What Modern Riots Tell Us About Premodern Warfare

Content Warning: This article contains videos depicting real violence during protests and riots.

Despite an abundance of recent books, movies, and video games depicting premodern warfare (that is to say, warfare before modern firearms), historians still know remarkably little about how premodern combat looked on a physical level. Debates over the exact mechanical meanings of premodern military terms have consumed the lives of far too many academics (just Google “othismos” to get an idea of what I’m talking about).

However, the days of massed melee combat are not entirely over. From Portland to Hong Kong, modern viewers can watch videos of rioters clashing with riot police in a vague approximation of ancient combat. Just as how those who create Hollywood digital effects use real natural disasters to better imitate the physics of falling buildings, hurricanes, and tsunamis, today we’re going to use modern riots to gain a glimpse into how massed violence looked in the past.

The equipment used by riot police imitates (sometimes consciously) the equipment of premodern armies

I’m starting off this list with a rather amusing video of Korean riot police imitating classical battle formations during a drill. Of course, in an actual violent situation, the formations would look far less pretty and organized, but the video does a good job demonstrating how premodern warfare, where most combat was face to face, uses similar physical principles as riots. Compare this to most Hollywood battles, where combatants on the two sides run past each other, turning the battle into a confused mess, without frontlines or tactics.

This next video shows riot tactics used in a violent situation, as British police officers push back student protestors. In historical accounts of battles, we often see horses play a decisive role in breaking up blocks of inexperienced or lightly armed men. It turns out that while horses may seem docile and small when you view them behind stable doors, they appear very, very large and scary when charging straight at you.

Now, a critic might argue that it is incorrect and even offensive to compare protestors or rioters to premodern combatants. After all, rioters and riot police aren’t usually trying to kill each other. At a physical level, both rioters and riot police are attempting to control the area around themselves while keeping themselves safe from harm. However, that’s exactly what soldiers in premodern battlefields would have tried to do as well. Riots illustrate the importance of positioning and morale, which were just as much a feature of premodern warfare as actual killing. A group of light skirmishers or archers, for instance, would likely behave very similarly to those students if charged by cavalry.

Similarly, the video does a great job of showing how vulnerable cavalry can become in protracted melee. After initially pushing back the students, the charge loses momentum, and the horses aimlessly stand in place, unable to pull back because of the dense formation. In a battle, the cavalry might expect to suffer most of its casualties at that moment, as the immobile riders become easy targets. However, at the very moment the cavalry pause, the riot police infantry take advantage of the students’ surprise to push forward aggressively. Pushing forward may not seem like a very useful achievement in a real battle, but winning space for your side can demoralize enemy troops or give your side enough space to encircle other opponents.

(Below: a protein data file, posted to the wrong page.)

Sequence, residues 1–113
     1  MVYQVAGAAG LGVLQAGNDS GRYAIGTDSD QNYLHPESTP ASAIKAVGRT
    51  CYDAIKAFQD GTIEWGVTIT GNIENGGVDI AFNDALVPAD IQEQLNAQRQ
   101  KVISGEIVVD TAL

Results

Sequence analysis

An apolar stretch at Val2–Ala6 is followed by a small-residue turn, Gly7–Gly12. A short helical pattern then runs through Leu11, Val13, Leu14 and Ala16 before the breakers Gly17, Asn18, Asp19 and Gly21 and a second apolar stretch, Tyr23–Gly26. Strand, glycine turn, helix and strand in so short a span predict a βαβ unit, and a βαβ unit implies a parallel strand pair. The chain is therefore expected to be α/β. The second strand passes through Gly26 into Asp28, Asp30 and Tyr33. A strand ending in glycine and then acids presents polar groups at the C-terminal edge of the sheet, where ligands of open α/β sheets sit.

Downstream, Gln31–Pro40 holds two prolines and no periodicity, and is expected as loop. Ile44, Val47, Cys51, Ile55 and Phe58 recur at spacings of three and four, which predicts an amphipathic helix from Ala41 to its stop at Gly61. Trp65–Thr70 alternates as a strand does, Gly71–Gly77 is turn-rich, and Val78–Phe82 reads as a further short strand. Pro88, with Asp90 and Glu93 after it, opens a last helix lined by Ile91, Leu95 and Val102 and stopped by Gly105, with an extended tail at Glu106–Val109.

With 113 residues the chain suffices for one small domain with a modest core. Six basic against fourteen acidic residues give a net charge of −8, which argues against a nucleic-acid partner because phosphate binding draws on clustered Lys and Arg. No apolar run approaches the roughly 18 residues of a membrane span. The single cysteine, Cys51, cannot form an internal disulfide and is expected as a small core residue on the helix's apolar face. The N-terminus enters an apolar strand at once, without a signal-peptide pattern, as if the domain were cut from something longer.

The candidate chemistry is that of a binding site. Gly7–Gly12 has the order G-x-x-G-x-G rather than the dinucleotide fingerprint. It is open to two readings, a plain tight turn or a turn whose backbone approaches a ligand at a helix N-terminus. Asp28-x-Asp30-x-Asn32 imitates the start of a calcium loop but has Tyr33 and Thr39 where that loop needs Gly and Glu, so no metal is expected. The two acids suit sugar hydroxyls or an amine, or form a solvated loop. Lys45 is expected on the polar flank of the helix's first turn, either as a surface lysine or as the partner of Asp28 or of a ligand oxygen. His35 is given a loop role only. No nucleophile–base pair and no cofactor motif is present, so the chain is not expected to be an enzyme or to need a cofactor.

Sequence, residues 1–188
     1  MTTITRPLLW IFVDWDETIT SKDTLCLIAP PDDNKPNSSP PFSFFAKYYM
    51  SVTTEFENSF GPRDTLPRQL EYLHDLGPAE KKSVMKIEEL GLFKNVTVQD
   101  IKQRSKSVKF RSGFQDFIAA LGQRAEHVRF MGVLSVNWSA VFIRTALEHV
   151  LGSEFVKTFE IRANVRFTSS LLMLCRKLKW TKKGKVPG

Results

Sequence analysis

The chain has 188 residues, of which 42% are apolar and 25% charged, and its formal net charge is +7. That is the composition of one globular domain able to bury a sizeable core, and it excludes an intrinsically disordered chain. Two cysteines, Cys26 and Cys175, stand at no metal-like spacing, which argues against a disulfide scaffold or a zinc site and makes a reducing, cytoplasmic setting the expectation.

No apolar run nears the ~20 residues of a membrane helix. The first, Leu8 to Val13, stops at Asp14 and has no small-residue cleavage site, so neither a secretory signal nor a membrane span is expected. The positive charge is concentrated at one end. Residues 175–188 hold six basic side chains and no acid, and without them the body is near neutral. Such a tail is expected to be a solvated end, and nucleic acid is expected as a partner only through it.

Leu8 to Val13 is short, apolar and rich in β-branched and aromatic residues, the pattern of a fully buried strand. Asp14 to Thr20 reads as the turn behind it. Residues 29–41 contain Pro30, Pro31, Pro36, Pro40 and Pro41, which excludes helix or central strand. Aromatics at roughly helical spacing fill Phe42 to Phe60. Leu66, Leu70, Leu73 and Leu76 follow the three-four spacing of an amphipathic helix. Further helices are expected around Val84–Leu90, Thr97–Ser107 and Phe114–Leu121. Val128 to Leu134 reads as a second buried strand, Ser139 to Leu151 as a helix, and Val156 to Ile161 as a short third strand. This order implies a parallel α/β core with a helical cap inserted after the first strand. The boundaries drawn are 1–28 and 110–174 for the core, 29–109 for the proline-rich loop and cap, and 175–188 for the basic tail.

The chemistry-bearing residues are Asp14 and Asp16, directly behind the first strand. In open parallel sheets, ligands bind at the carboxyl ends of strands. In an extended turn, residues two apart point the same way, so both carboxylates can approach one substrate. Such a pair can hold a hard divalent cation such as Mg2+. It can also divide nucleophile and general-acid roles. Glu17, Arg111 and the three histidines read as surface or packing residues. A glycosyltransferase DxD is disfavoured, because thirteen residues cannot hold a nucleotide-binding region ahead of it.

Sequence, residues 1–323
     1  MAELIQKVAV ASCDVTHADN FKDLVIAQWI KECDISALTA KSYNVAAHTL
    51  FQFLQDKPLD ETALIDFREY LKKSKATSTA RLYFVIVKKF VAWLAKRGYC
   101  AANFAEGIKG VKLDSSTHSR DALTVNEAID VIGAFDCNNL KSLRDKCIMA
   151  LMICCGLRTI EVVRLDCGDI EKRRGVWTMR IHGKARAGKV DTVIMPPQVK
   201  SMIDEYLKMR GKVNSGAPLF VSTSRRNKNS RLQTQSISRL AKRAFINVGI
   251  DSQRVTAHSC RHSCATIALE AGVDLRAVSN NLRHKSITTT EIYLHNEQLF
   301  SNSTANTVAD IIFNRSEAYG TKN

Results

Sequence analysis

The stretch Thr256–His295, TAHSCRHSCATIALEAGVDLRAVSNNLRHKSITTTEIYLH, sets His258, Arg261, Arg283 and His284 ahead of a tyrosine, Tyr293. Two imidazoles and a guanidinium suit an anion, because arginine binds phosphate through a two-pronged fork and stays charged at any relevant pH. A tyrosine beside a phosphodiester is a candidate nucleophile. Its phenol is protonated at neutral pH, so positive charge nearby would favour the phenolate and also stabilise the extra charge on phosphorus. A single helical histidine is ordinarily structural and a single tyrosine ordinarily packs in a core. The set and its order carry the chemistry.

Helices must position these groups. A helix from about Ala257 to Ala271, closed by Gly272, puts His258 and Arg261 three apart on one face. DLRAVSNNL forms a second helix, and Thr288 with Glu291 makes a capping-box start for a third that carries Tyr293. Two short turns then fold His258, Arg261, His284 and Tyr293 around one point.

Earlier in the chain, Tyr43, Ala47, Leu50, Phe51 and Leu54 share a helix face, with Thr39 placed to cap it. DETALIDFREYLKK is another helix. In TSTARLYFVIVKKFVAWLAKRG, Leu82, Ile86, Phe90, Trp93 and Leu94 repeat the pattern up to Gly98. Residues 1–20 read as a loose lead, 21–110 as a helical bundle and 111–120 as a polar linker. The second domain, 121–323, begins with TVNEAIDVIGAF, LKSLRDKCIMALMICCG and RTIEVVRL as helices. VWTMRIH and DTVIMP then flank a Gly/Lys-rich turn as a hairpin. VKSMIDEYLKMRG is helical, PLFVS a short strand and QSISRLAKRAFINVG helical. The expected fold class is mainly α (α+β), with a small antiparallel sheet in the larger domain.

This next video shows the 1997 Student Riots on South Korea. Make special note of the authentic sound and the intermittent throwing of missiles during the lulls between rounds of melee combat. Historian Adrian Goldsworthy has speculated that in classical warfare, the exertion of the melee might have meant that opposing sides only remained in direct contact for only a few minutes at a time, and would periodically pull back to take a breather and throw projectiles.

Now we move on to one of the most controversial episodes in recent American history, the January 6th Capitol riots. Now, I’m not here to talk about the politics of the riot (and neither are you, dear reader, so leave the comments alone) but the videos reveal shocking scenes of organized mass violence.

Take this clip, showing the rioters using improvised weapons and riot shields to break into the entryway of the capitol.

I don’t want to create a too sterile or detached perspective from the realities of violence. That’s why I chose the final clip, linked below. Warning to viewers: this video includes graphic footage from the Capitol riot.

Link to the Video

This video shows dense formations of rioters and police shoving against each other in the battle for a narrow passageway, but the haunting image that sticks out to me is the officer trapped against a door, barely able to stand or move and he pleads for help and the battle rages around him. Whatever the limitations of riots as an imitation of premodern warfare, I have no doubts that the scene of the crushed officer has repeated over and over again in the thousands of years of premodern warfare, often with far more fatal results.

As fun as it might be to see how ancient military tactics might appear in the flesh, we must recall that no simulation is complete without the horrifying pain and suffering inherent in violence.

Leave a Reply

Fill in your details below or click an icon to log in:

WordPress.com Logo

You are commenting using your WordPress.com account. Log Out /  Change )

Twitter picture

You are commenting using your Twitter account. Log Out /  Change )

Facebook photo

You are commenting using your Facebook account. Log Out /  Change )

Connecting to %s